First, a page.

C Weyer

Pennington Biomedical Research Center, Baton Rouge, Louisiana, United States

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Publications (103)470.51 Total impact

  • Endocrine Practice 01/2013; 19(1):107-16. · 2.49 Impact Factor
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    ABSTRACT: To evaluate the long-term clinical effect of treatment with metreleptin (an analogue of human leptin) on glycemic and lipid abnormalities and markers of hepatic steatosis in patients with inherited or acquired lipodystrophy. Fifty-five patients (36 with generalized lipodystrophy and 19 with partial lipodystrophy) with at least 1 of 3 metabolic abnormalities (diabetes mellitus, fasting triglyceride level ≥200 mg/dL, and insulin resistance) and low leptin levels received subcutaneous injections of metreleptin once or twice daily in an ongoing clinical trial at the National Institutes of Health. At baseline, hemoglobin A1c-8.5% ± 2.1% (mean ± standard deviation [SD])-and triglycerides-479 ± 80 mg/dL (geometric mean ± standard error [SE])-were substantially elevated. Robust and sustained reductions in both variables were evident for the observed patient population during a 3-year metreleptin treatment period (-2.1% ± 0.5% [mean ± SE] and -35.4% ± 13.7% [mean ± SE], respectively). Mean alanine aminotransferase (ALT) and aspartate aminotransferase (AST) levels were elevated at baseline (100 ± 120 U/L and 71 ± 77 U/L [mean ± SD], respectively) and decreased by -45 ± 19 U/L and -33 ± 14 U/L (mean ± SE), respectively, during the 3-year metreleptin treatment period. Improvements in hemoglobin A1c, triglycerides, ALT, and AST were more pronounced in the subsets of patients having elevated levels at baseline. The most notable adverse events observed in this patient population were likely attributable to underlying metabolic abnormalities or comorbidities. Metreleptin treatment substantially reduced glycemic variables, triglycerides, and liver enzymes (ALT and AST) and demonstrated durability of response throughout a 3-year treatment period. These results support metreleptin as a potential treatment for certain metabolic disorders (for example, diabetes mellitus and hypertriglyceridemia) associated with lipodystrophy.
    Endocrine Practice 11/2011; 17(6):922-32. · 2.49 Impact Factor
  • Jean L Chan, Jonathan D Roth, Christian Weyer
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    ABSTRACT: The discovery of leptin in 1994 was a seminal event in obesity research. It helped to establish that body weight is tightly regulated by a complex neurohormonal feedback system and that obesity should be viewed as a disorder with a strong biological basis rather than simply the result of poor lifestyle choices and lack of willpower.Leptin, secreted from adipocytes, acts as a prototypic long-term (tonic) adiposity signal. Although nonclinical and clinical studies have provided unequivocal evidence that leptin plays a unique, pivotal role in body weight regulation, efforts to develop recombinant leptin (metreleptin) as a monotherapy for obesity have proven unsuccessful. Amylin, secreted from pancreatic beta-cells, fulfills the criteria for a short-term (episodic) satiety signal. The amylin analog pramlintide elicits sustained reductions in food intake and body weight in obese rodents and humans.A translational research program aimed at elucidating the interaction between different islet-, gut-, and adipocyte-derived hormones led to the discovery that combined amylin/leptin agonism induces marked, synergistic, fat-specific weight loss in leptin-resistant diet-induced obese rodents. In obese humans, combination treatment with pramlintide/metreleptin led to an approximately 13% weight loss after 24 weeks, significantly more than after treatment with pramlintide or metreleptin alone.Collectively, these findings suggest that combined amylin/leptin agonism may have therapeutic utility as part of an integrated, neurohormonal approach to obesity pharmacotherapy.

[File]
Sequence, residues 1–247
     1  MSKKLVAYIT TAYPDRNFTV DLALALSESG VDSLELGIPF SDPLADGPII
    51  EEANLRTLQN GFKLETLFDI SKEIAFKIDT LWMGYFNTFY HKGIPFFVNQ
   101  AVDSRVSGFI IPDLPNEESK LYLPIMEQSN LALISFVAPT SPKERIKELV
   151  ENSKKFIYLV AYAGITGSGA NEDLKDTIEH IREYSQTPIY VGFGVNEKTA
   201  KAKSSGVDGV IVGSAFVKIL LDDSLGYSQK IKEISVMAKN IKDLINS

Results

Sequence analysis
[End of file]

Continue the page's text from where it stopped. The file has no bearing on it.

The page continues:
Journal of Investigative Medicine 10/2009; 57(7):777-83. · 1.75 Impact Factor
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    ABSTRACT: We have previously shown that combined amylin + leptin agonism elicits synergistic weight loss in diet-induced obese (DIO) rats. Here, we assessed the comparative efficacy of amylin, leptin, or amylin + leptin in the maintenance of amylin + leptin-mediated weight loss. DIO rats pretreated with the combination of rat amylin (50 microg/kg/day) and murine leptin (125 microg/kg/day) for 4 weeks were subsequently infused with either vehicle, amylin, leptin, or amylin + leptin for an additional 4 weeks. Food intake, body weight, body composition, plasma parameters, and the expression of key metabolic genes in liver and white adipose tissue (WAT) were assessed. Amylin + leptin treatment (weeks 0-4) reduced body weight to 87.5% of baseline. Rats subsequently maintained on vehicle or leptin regained all weight (to 104.2 and 101.2% of baseline, respectively), those maintained on amylin had partial weight regain (97.0%). By contrast, weight loss was largely maintained with continued amylin + leptin treatment (91.4%), associated with a 10% decrease in adiposity. Cumulative food intake (weeks 5-8) was reduced by amylin and amylin + leptin, but not by leptin alone. Amylin + leptin, but not amylin or leptin alone, reduced plasma triglycerides (by 55%), total cholesterol (by 19%), and insulin (by 57%) compared to vehicle. Amylin + leptin also reduced hepatic stearoyl-CoA desaturase-1 (Scd1) mRNA, and increased WAT mRNA levels of adiponectin, fatty acid synthase (Fasn), and lipoprotein lipase (Lpl). We conclude that, in DIO rats, maintenance of amylin + leptin-mediated weight loss requires continued treatment with both agonists, and is accompanied by sustained improvements in body composition, and indices of lipid metabolism and insulin sensitivity.